Ethylene, a lipid-soluble gas, is known to have considerable effects on plant metabolism. It is possible that some of these metabolic effects are the result of ethylene’s lipid solubility. The effect of low concentrations of 2-chloroethylphosphonic acid (ethrel), an ethylene-releasing compound, on the susceptibility of artificial membrane vesicles (liposomes) to phospholipase A2 and phospholipase C was studied. Liposomes were found to be more susceptible to degradation by these two phospholipases in the presence of ethrel. Ethrel promoted maximal degradation of liposomes by phospholipase C at a concentration of 55 nM. Ethrel also enhanced the leakiness of liposomes to L-leucine only in the presence of phospholipase A2. The rate of degradation of liposomes by both phospholipases was enhanced by about 20-30% in the presence of ethrel. The results may indicate that ethylene may affect the accessibility of phospholipases to their target sites within the lipid bilayer of artificial membrane vesicles.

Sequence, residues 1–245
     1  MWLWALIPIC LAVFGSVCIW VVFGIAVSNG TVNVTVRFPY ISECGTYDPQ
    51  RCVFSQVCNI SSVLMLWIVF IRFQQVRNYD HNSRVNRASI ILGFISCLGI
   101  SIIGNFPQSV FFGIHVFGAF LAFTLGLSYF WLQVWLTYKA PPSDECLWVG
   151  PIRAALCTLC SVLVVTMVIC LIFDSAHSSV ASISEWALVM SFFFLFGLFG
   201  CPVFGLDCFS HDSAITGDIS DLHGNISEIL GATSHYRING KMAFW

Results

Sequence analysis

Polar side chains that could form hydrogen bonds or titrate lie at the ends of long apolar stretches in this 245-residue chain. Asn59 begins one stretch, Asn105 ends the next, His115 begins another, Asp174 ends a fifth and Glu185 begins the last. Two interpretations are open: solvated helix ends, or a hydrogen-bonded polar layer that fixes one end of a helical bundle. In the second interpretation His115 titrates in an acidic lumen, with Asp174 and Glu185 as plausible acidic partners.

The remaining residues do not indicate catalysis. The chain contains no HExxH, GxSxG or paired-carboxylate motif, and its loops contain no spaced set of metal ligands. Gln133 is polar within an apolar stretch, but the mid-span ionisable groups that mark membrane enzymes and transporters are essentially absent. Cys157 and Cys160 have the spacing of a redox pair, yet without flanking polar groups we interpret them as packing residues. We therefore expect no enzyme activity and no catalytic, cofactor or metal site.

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Acta botanica neerlandica

CC BY 3.0 NL ("Naamsvermelding")

Koninklijke Nederlandse Botanische Vereniging

Moshe Reuveni. (1992). Ethrel enhances the degradation of artificial membrane vesicles (liposomes) by phospholipase A2 and phospholipase C. Acta botanica neerlandica, 41(3), 283–291.